I'm not the type that likes to dress up for Halloween. Usually, things go like this,
"Nope, not planning on dressing up," which inevitably leads to, "Shit, it's two days before Halloween! What do I dress as for the party?!?!" So this year, I decided ahead of time that I wasn't going to do the last-minute scramble and that I was going to go as Star Lord. Yup, just like thousands of other people, I'm sure.
I imagine that due to the fact that the Guardians film was considered a "long shot," this is the reason that there are so few options in stores. Star Lord's mask was a bit challenging to find for a decent price. Though I did find it eventually on Amazon.com for $15.00. Then I decided on a replica jacket found on eBay for $100 that was shipped from out of the country. Then of course, I needed a stuffed Rocket Raccoon to come along on my misadventures.
The only major piece left was a blaster. There were only two options; one was a child's-size blaster which was too small and the other was Nerf's Star Lord dart gun. Of course, I opted for the Nerf version. The bad part about that is that the gun comes in a grey and orange color combination (for safety reasons) that is nothing like the film version.
To correct that, I decided to paint the blaster in black and silver. After doing some research, I decided to go the faster/easier route (because life is busy) and paint the blaster without sanding it down. I used the Krylon Fusion silver and black paints and the Krylon gloss spray sealant for this project. The Krylon Fusion paints don't require you to sand and it is made to bond to plastic. The sealant is good to use so that the paint doesn't rub off on anything, like clothing or your hands if you're carrying it around for long periods of time.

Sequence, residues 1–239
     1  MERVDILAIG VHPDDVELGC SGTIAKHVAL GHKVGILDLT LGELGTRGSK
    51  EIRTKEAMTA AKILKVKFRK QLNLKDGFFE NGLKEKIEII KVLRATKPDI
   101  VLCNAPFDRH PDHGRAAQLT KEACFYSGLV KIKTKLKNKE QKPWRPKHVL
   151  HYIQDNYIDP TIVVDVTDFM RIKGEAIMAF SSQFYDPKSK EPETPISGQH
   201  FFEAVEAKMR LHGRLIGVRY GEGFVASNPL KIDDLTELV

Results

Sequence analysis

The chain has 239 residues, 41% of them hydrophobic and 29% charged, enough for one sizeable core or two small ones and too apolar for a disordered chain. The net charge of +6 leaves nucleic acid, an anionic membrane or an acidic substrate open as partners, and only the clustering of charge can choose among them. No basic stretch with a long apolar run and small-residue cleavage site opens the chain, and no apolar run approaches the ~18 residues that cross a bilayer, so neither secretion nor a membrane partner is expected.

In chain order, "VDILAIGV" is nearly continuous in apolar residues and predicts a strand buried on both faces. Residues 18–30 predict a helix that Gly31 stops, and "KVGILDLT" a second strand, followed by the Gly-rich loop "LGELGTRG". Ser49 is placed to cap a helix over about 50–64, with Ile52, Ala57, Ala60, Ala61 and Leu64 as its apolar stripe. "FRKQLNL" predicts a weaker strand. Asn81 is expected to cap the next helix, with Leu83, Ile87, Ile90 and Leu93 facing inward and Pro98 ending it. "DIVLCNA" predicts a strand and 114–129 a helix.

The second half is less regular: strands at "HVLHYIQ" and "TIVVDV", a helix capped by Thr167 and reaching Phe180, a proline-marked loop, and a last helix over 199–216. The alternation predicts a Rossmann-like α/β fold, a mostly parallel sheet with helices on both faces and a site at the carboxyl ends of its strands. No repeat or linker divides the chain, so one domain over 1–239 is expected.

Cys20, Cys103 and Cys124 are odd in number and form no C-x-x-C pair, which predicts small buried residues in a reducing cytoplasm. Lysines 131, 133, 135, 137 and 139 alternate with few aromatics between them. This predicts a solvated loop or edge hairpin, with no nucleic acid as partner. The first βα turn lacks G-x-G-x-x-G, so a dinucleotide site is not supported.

The first step was to take the gun apart and document the process (through pictures), so it would be easier to put back together should I get stumped. I made sure to put all of the screws in a cup so they wouldn't get lost. Before proceeding to paint, I made sure all of the pieces were clean and dry.
The next step was using painters tape to cover all of the pieces that I didn't want painted. After that, it was all about putting a few coats of paint on each piece. The paint dries rather quickly, so it only took a couple of hours of coming back to put on another coat. After all of it was painted and dry, I applied the sealant. After all the pieces were painted and sealed, I put the blaster back together again.
The whole process can be done in a day with a bit of patience. The results weren't bad for my first foray into painting Nerf guns. The final cost of modifying the blaster for my costume was roughly $40.00 for the Nerf gun and paint/sealant/tape.
*NOTE: Please be aware that modifying a blaster this way could be potentially problematic as it could be mistaken for a real weapon.
|Step 1: Take apart blaster|
|Step 2: Tape off blaster|
|Step 3: Paint blaster|
|Step 4: Coat blaster with sealant|
|Step 5: Put blaster back together|